Anand Chakravarty is an SDET on the Machine Translation team for the past 2.5 years, has been at Microsoft for 8 years, and was the first product tester on the MT team (and “still having fun with testing MT :-)”). Today’s guest blog is about testing translation quality.
One of the first points that comes to mind, when talking about verifying the quality of a translation system, is how do you measure the quality, or to be precise, the accuracy of translation? Translating between human languages using computers is a field that is almost half-a-century old. The area is challenging enough that even the best currently available machine translation systems are not close to obtaining linguistic quality that would be entirely satisfactory.
Part of the challenge is the many different data-points that humans process in order to understand the meaning of spoken/written text. There is the syntax, the parsing, the semantics, the context, the disambiguation, the reordering, all of which, and more, go into understanding a sentence. And this is just the sentence in 1 language. Now consider applying all of it to rebuild the sentence in another language and make it equally meaningful.
Some examples might help to make this point clearer. The term ‘Olympics 2008’ is fairly unambiguous. Similarly, one might expect the term ‘Elections 2008’ to mean the presidential elections in the USA. However, if the user is from, say, Canada, it would more likely refer to the local elections there.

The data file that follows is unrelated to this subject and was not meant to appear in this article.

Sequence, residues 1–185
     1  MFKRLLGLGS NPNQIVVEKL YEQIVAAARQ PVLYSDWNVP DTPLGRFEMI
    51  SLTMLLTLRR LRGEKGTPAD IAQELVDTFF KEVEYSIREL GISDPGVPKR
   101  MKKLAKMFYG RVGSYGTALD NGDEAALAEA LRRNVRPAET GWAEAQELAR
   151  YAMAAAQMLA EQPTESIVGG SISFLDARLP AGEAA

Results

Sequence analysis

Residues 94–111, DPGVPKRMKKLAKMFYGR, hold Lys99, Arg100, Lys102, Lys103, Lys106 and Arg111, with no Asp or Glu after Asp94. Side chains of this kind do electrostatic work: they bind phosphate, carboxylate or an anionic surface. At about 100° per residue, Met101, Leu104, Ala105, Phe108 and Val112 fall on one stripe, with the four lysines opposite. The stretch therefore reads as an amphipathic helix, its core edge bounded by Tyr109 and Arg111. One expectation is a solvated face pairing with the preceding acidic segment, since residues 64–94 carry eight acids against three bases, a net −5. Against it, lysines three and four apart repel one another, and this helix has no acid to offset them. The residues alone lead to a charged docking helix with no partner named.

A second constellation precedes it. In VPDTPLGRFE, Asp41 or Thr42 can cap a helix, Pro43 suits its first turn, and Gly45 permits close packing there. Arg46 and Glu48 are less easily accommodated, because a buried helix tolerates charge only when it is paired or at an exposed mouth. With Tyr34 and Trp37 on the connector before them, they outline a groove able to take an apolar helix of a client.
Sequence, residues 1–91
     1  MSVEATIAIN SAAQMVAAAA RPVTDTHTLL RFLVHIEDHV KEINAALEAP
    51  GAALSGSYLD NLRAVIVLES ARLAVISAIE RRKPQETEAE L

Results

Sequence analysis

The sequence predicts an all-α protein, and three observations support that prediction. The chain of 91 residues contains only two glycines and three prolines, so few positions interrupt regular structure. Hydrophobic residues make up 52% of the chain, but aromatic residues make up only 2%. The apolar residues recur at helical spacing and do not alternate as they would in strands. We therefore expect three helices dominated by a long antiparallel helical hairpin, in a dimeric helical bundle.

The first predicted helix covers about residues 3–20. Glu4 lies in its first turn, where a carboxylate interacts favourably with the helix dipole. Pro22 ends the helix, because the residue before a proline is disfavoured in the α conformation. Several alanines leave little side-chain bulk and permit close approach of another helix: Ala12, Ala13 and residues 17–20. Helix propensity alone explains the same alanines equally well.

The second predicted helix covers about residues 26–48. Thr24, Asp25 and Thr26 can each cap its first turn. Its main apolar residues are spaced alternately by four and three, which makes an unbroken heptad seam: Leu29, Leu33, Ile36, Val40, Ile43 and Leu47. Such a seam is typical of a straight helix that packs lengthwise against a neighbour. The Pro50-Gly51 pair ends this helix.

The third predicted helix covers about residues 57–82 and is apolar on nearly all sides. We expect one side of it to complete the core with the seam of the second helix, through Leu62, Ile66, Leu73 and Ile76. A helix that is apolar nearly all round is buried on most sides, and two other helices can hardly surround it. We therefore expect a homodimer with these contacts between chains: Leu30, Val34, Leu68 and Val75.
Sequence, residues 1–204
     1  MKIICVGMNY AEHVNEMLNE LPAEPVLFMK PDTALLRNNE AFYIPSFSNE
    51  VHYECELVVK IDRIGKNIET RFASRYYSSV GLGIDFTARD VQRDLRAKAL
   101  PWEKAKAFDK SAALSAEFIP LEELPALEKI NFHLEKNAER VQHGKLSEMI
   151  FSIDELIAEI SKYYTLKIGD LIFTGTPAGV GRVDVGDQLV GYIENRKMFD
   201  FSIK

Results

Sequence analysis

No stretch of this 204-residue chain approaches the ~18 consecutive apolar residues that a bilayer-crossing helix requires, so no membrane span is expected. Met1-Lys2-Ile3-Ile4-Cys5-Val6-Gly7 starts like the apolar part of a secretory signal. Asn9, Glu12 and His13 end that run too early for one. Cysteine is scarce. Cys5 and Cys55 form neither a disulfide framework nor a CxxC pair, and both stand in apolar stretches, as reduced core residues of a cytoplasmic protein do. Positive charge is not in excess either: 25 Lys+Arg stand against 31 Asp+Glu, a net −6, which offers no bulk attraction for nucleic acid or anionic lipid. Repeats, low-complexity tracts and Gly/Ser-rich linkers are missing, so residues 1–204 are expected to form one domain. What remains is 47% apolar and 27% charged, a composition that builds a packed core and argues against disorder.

A more general, and hence more common, example is a sentence like ‘The note was wrong’. Is the word ‘note’ a reference to an informative message or to a musical term? The proper translation depends upon context. Use more context, and your chances of getting a more accurate translation improve. This however comes at a cost: the more context the system tries to obtain, the slower its performance. Smart shipping decisions involve making the right balance between improving the accuracy of translation and delivering a workable translation result to users. Of course, both are important. The key is to understand where you direct efforts at improvement depending on how useful the end result is to the user.
This becomes particularly interesting when translating documents or web-pages, instead of just individual sentences. Let us say a translation request has been received for a web-page containing 100 sentences. Depending on the architecture of the translation system, these sentences could all go to one process, or be distributed across multiple processes/machines. Either way, it is clear that the time taken to translate this page in its entirety is proportional to the maximum time taken to translate a sentence. How long do we spend translating a sentence before that invested time becomes detrimental to the user’s time? In pursuit of the best translation, we might end up blocking the user from getting anything informative in response to their translation request. The utility of the system is thus governed by decisions that are made to balance linguistic quality and application performance.
With the Microsoft Translator product, there is the additional feature of our Bilingual Viewer, something unique among publically available translation products. It supports parallel text highlighting, synchronized scrolling and presents the page(s) with progressive rendering. This adds another layer to what our users see, and consequently another layer to polish and finish.
In the coming weeks, we hope to bring you more details of specific areas that were and are being tested to ship a top-quality translation system. Feel free to post any questions you have on this matter, something you always wanted to ask :-), in the Comments section.